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Originally published June 29, 2007 at 12:00 AM | Page modified June 29, 2007 at 2:06 AM

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Parents' attorney relished chance to argue case at Supreme Court

When Harry Korrell argued his first case before the U.S. Supreme Court in December, a case of nerves would have been understandable. But Korrell, 39, said...

Seattle Times staff reporter

When Harry Korrell argued his first case before the U.S. Supreme Court in December, a case of nerves would have been understandable.

But Korrell, 39, said the grandeur of the setting and the gravity of the issues only enhanced what he described as "a great experience."

"By the time I stood up there and took the podium, I felt I was in command of my case, in command of my facts and in command of my argument," Korrell said. "It sounds arrogant, but by the time I stood up there, I felt like there wasn't anybody better to have that conversation with the court."

Korrell attributed his confidence to having represented Parents Involved in Community Schools for more than six years — pro bono — in the group's lawsuit against the Seattle Public Schools. The group, and the families it represents, believed the district's "Open Choice" plan violated the Constitution by using race as a factor in assigning students to oversubscribed Seattle high schools. The Supreme Court on Thursday sided with Korrell and the parents' group in a 5-4 decision.

Before arguing this Supreme Court case, Korrell was best known to Washington residents for his recent work on election law. In 2004 and 2005, Korrell was one of the lead attorneys representing the Washington state Republican Party in its unsuccessful legal battle over the 2004 governor's race, in which Democrat Christine Gregoire defeated Republican Dino Rossi by 129 votes.

The parents' case came to Korrell and Davis Wright Tremaine colleague Dan Ritter on referral from Dick Derham, a retired attorney who spent more than 30 years at Davis Wright and who is a well-known champion of conservative political causes. (Over time, Korrell took on the bulk of the work on the case.)

"I said sure, it seems like the right thing to do," said Korrell. "It's litigation" — Korrell's expertise — "and I'm politically conservative."

Korrell moved to the Puget Sound area in 1982, when his father, who was in the Navy, was transferred to Bremerton. He did his undergraduate studies at the University of Washington and obtained his law degree from the University of Chicago. In 2000, he became a partner at Davis Wright Tremaine, where his primary focus is employment litigation.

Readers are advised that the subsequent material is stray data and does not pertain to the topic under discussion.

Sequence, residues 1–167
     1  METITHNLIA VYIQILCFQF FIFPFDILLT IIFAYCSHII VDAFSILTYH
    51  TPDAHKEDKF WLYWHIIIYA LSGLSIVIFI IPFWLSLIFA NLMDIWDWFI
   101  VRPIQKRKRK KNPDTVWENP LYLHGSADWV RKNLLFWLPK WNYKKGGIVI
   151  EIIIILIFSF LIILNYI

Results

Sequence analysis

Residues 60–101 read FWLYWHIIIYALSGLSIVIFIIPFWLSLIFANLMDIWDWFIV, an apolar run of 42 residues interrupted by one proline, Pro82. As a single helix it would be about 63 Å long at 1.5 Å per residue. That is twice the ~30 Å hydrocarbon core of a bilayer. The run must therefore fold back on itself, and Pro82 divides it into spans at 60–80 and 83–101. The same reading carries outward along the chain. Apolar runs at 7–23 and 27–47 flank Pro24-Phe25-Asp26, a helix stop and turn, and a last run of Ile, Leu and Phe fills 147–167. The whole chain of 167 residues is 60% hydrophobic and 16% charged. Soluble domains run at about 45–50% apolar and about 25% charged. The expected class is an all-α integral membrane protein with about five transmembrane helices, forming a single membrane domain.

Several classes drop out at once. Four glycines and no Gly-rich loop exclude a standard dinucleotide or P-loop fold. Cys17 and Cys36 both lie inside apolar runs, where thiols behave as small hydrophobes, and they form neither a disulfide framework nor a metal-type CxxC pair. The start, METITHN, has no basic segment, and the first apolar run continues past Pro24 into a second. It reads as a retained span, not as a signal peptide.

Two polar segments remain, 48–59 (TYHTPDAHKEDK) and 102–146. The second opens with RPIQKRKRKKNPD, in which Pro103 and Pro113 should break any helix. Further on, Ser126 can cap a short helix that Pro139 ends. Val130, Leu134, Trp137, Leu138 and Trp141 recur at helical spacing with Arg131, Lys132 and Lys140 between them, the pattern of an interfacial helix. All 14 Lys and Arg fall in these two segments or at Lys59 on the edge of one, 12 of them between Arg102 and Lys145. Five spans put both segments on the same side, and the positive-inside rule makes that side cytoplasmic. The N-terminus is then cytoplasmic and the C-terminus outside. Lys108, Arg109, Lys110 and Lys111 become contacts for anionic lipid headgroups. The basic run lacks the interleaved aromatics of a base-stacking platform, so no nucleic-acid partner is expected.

Korrell got involved in the Rossi case because he had volunteered as lead counsel in Washington state for Lawyers for Bush-Cheney 2004, a national network of Republican lawyers poised to go to court if the presidential race became contested in any state, as it was in Florida in 2000.

From 2000 to 2002, Korrell estimated he spent roughly one-third of his time working on the tiebreaker case.

When he went before the Supreme Court on Dec. 4, his first question came from Justice Anthony Kennedy.

Kennedy — who, as expected, provided the critical swing vote that determined the outcome of the case — asked Korrell a tricky question about why his argument differed from that of the U.S. Office of the Solicitor General, which had filed a brief that also opposed Seattle's racial tiebreaker, but on slightly different grounds.

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"Kennedy's question was a little bit of a curveball, but I recognized it as a curveball," Korrell said. He gave a succinct summary of the differences and reiterated the two parties' shared bottom line: that it is unconstitutional to assign students to schools based on their race unless the purpose is to undo a history of forced racial segregation.

Thursday's outcome was "what I expected," Korrell said, obviously proud at what he had accomplished for himself and for his clients.

"To win at the U.S. Supreme Court is just outstanding," Korrell said with a broad smile. "I'm thrilled by it. I haven't had the chance I'd like to sit down and read over this almost 200 pages of opinions to see what of my own pearls of wisdom the court agreed with and what got shredded, but I'm looking forward to doing that."

David Bowermaster: 206-464-2724 or dbowermaster@seattletimes.com

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